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Racist school lunch: Fried chicken, watermelon lunch 'perpetuates stereotypes'

A school cafeteria filled with tables and chairs
A school cafeteria filled with tables and chairs
Photo File (Facebook), FirstWeFeast

A racist school lunch at a private high school for girls that included lunches of fried chicken, corn bread, and watermelon has been criticized as “perpetuating racial stereotypes” this week. The food was served up in an attempt to pay tribute to Black History Month, but administrators at the school have since offered a formal apology to both students and families for the poor meal idea. NewsMax confirms this Friday, Feb. 7, 2014, that an assembly on racial and ethnic diversity will now be held to discuss the issue.

The racist school lunch announcement occurred this Feb. at Carondelet High School for Girls, located in Concord, Calif. After a number of students came home upset that they had been told about a lunch that consisted of cornbread, watermelon, collard greens, and fried chicken, a slew of angry parents contacted the school. The racist food menu was supposed to be a finalizing celebration to honor Black History Month.

Administrators at the school have since sent out an official apology to parents and students, adding that the school in no way meant to perpetuate racial stereotypes.

"I'd like to apologize for the announcement and any hurt this caused students, parents, or community members," Principal Nancy Libby said in a letter sent to parents Wednesday. "Please know that at no time at Carondelet do we wish to perpetrate racial stereotypes."

Instead of the racist school lunch, Carondelet is instead offering to hold a large diversity assembly to openly talk about the important issue and the controversy at hand. Several other teachers and educational professionals from across the area seemed equally livid at the wrongful food suggestions the students were told about as well.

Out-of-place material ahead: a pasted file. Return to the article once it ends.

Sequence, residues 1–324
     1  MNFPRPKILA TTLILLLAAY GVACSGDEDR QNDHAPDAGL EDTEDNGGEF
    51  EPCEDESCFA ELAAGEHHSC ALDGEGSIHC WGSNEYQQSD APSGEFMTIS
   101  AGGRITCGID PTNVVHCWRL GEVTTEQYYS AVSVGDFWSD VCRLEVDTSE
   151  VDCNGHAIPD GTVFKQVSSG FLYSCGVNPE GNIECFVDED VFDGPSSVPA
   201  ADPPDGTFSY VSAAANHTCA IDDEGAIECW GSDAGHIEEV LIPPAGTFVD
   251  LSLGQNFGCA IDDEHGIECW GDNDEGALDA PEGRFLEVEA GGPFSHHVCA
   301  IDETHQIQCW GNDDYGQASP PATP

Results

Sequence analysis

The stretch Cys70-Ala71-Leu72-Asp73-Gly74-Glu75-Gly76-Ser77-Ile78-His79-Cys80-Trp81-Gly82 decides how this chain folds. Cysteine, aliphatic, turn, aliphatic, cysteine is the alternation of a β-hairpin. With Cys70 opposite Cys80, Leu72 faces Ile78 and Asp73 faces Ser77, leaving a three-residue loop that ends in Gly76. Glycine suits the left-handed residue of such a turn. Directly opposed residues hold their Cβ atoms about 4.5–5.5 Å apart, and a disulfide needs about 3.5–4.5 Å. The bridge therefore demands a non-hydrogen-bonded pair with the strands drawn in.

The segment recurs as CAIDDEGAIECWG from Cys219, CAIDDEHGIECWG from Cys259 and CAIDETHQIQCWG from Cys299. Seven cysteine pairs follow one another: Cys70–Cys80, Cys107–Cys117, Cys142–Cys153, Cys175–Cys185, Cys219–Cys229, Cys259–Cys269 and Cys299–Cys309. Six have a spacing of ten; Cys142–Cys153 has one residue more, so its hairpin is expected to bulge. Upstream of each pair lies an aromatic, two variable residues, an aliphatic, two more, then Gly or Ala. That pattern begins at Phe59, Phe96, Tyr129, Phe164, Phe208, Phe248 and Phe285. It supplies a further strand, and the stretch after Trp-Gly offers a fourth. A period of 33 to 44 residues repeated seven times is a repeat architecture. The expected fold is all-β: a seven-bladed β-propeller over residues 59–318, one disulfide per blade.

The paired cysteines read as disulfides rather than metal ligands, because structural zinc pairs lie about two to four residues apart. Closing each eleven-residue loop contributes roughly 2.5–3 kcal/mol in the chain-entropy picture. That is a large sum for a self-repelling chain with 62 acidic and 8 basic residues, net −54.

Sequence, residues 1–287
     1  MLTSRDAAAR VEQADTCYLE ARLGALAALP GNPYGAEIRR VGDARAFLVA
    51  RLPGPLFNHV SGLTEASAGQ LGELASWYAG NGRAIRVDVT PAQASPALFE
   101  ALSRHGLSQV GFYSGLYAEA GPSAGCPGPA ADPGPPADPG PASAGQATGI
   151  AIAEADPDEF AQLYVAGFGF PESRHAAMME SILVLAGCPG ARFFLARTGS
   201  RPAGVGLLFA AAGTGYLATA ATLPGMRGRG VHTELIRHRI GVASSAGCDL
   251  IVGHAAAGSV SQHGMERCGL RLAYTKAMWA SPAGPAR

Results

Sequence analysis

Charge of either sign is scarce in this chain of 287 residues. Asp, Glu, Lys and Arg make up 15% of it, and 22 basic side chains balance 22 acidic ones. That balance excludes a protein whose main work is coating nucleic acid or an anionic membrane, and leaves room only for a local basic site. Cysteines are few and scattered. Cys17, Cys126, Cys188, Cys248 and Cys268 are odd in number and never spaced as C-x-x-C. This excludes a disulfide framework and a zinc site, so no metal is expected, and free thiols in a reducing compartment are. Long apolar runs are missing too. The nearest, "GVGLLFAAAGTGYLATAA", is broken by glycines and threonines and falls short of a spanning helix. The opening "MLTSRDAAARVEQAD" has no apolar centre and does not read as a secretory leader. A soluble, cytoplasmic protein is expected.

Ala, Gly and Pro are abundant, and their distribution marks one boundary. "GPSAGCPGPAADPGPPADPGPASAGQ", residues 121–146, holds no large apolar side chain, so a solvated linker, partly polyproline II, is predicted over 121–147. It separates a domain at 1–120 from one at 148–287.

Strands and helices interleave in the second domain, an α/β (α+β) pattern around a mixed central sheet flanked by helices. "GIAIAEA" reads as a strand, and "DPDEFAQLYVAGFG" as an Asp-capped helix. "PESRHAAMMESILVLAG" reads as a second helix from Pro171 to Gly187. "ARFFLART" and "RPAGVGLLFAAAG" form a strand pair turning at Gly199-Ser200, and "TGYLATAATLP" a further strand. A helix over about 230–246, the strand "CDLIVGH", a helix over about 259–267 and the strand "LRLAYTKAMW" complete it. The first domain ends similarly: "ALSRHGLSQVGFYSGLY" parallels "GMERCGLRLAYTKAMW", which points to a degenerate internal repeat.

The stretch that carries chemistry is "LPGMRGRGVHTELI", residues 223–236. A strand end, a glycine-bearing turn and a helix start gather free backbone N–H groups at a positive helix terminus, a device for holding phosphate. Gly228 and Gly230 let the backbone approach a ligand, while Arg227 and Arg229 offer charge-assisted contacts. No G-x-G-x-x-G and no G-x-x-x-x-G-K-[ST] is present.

"Fried chicken, watermelon, collard greens — these stereotypes of black Southern culture that come from the same place where the N-word comes from," University of San Francisco professor James Taylor said in a statement to NBC.

Added a local news source on the racist school lunch firestorm as perpetuating these stereotypes, especially during Black History Month:

"A slice of watermelon isn't racist in and of itself. But when people talk about black people loving watermelon, they're talking about a lot more than food. They're talking about a stereotype with a lot of racist history — history still embraced by some of the worst people on the Internet," the site wrote. "History is important — any Black History Month celebration that ignores the experiences and portrayals of black people in this country is shallow at best. If you want to acknowledge black history this month, learn it."

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